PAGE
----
The best breakfast joint on the Oregon Coast is now actually located along the Oregon Coast. Otis Cafe (4618 SE Highway 101, 541-994-2813, otiscafe.com) had for decades operated about 5 miles inland in the tiny town it’s named after, but a kitchen fire in 2019 gutted the building. Otis Cafe reopened on the south end of Lincoln City last year, allowing it to more than double its original shoebox-sized dining room. Be warned, though, that seats fill just as quickly. Beyond its popularity, the hit-you-like-a-brick Original German Potatoes also remain unchanged: hand-peeled and shredded spuds studded with onions and smothered in Tillamook white cheddar. The portions here would satisfy a lumberjack, so unless you plan to fell trees all day, a half or even a quarter order of hash browns will do.

Go Climb a Tree

Salishan has long been revered for its 18-hole, Scottish-style links, but if you thought golf was the only outdoor activity here, then you haven’t been exposed to the property’s recently expanded playground. The Aerial Park, operated by the Adventure Collective (7755 Highway 101, Suite A2, Gleneden Beach, 541-961-7140, theadventurecollective.co), actually places guests in the stately trees they’ve been admiring. But before you can tackle the giant jungle gym in the sky, participants must harness up and learn how to use the smart belay system.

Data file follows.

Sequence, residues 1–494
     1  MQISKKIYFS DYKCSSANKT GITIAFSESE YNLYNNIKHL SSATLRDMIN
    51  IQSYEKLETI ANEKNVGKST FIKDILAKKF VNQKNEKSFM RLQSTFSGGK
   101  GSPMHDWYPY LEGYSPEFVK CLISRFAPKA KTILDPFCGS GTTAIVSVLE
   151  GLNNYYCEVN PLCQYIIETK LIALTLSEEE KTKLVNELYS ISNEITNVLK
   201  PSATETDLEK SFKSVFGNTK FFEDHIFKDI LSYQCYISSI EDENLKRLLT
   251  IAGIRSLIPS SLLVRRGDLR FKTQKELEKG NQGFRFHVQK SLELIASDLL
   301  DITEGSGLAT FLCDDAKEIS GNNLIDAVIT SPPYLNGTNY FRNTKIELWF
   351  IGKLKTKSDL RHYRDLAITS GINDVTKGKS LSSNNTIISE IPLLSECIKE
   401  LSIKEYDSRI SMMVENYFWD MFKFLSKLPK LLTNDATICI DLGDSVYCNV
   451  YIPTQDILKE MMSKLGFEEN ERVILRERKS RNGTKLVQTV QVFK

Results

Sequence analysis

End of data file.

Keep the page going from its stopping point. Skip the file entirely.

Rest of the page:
Should you misstep or lose your balance on one of the wobbly bridges, the only thing keeping you from plummeting to the forest floor is a set of dual connectors called CLiC-iTs. An introductory Ground School course allows participants to practice hooking and unhooking (one belay always locks when the other is opened), then it’s up a flight of stairs to what looks like an Ewok village had the furry creatures been lousy at building tree-to-tree paths.